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Strategies For Fostering The Academic Growth And Personal Development Of Pre Engineering And Pre Applied Science Majors

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2010 Annual Conference & Exposition


Louisville, Kentucky

Publication Date

June 20, 2010

Start Date

June 20, 2010

End Date

June 23, 2010



Conference Session

Developing Young MINDS in Engineering - Part I

Tagged Division

Minorities in Engineering

Page Count


Page Numbers

15.1097.1 - 15.1097.15



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Paper Authors

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Elyce Winters Stony Brook University

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Imin Kao Stony Brook University

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Jennifer Dellaposta SUNY Stony Brook College of Engineering and Applied Sciences

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Christine Szaraz SUNY Stony Brook College of Engineering and Applied Sciences

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NOTE: The first page of text has been automatically extracted and included below in lieu of an abstract

Strategies for Fostering the Academic Growth and Personal Development of Pre-Engineering and Pre-Applied Science Majors


The purpose of this research is to explore the impact of advising interventions on the academic success of engineering and applied science pre-majors at a large, multicultural, top-tier research university. There is a growing body of literature addressing the impact of specific academic initiatives with respect to how higher education students are taught math, science, and engineering subjects, though there is less focus on the value of intensive psycho-social support on the retention and advancement of students pursuing the science, technology, engineering and math (STEM) disciplines. This paper seeks to address that issue and illustrate how early advising interventions can improve retention and graduation rates.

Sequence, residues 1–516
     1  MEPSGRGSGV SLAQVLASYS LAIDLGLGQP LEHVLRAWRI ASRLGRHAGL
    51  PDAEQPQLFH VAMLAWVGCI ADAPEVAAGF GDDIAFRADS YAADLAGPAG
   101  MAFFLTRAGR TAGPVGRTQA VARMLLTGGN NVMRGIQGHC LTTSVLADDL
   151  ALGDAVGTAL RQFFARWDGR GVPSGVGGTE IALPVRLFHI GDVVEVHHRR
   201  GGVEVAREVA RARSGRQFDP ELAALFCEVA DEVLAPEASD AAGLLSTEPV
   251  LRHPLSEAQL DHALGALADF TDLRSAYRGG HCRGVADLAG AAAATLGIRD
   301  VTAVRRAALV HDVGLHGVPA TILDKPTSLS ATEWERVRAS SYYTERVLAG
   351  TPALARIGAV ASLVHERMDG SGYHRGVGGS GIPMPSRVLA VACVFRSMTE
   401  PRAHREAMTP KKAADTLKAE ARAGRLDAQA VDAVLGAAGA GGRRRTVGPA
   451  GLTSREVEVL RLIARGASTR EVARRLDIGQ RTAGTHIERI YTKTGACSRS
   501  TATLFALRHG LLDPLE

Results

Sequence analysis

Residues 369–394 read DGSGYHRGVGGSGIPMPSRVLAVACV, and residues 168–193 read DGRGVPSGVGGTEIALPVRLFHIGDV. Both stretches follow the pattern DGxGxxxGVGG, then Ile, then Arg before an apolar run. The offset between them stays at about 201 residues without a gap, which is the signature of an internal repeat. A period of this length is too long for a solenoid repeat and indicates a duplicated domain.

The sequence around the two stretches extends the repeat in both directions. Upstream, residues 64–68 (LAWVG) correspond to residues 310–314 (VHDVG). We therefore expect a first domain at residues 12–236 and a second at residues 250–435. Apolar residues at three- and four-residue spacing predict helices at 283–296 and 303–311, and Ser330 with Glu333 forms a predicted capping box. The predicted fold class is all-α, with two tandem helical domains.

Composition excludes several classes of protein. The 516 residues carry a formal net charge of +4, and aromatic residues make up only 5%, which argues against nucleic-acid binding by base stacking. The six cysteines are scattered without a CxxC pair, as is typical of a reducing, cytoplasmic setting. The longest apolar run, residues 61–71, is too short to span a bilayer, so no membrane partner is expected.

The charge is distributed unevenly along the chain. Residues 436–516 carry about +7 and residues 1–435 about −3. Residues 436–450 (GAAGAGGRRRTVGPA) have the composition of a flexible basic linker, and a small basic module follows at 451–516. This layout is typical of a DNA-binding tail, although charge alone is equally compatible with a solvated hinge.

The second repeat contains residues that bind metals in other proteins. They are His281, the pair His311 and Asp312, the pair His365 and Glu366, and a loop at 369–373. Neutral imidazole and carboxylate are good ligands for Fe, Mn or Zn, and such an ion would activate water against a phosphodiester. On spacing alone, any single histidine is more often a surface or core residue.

Kitzrow notes that colleges and universities in the United States have seen enormous changes in their student populations over the past decades, and that the role and practice of college counselors has evolved in response to these changes, which include shifting social, economic and political realities and increased diversity among college student populations. She also relates a shift among student presenting co needs to more severe psychological problems (Kitzrow, 2003 p.168)9

suicidality, and as a result, Levine and Cureton note that 69% of four-year school student affairs officers numbers and for longer periods of time than in the past (p.95) 11 In addition, students face increased anxiety as a result of uncertain economic circumstances, and greater exposure to violent incidents on campus and off, such as interpersonal and family dysfunction, sexual and physical assault, domestic and international terrorism, and disasters, natural or otherwise. relate Levine and Cureton in their exploration of the pressures and anxieties

more damaged than those of previous years (Levine and Cureton 1998, p.95) 11 In response to such conditions, Robotham and Julian 2006, p.114)13. This research underscores the need for professionals with mental health training in advising roles, and demonstrates the value of psycho-social interventions as part of larger academic advising strategies.

Counselors and advisors working with science, technology, engineering, and mathematics (STEM) populations face additional challenges in addressing student wellness and success, due at least in part to the rigor of the disciplines these students have chosen to pursue. The level of academic and personal stress and anxiety faced by STEM students is regarded as generally more intense than that attributed to general undergraduate populations; for example, Hackett, et al 1992, 8 p. 529) illustrating the emotional strain STEM students may face as a result of their pursuit of academically and intellectually demanding disciplines. Greenfield, Halloway, and Remus presciently noted ngineering, counseling must be


Winters, E., & Kao, I., & Dellaposta, J., & Szaraz, C. (2010, June), Strategies For Fostering The Academic Growth And Personal Development Of Pre Engineering And Pre Applied Science Majors Paper presented at 2010 Annual Conference & Exposition, Louisville, Kentucky. 10.18260/1-2--16107

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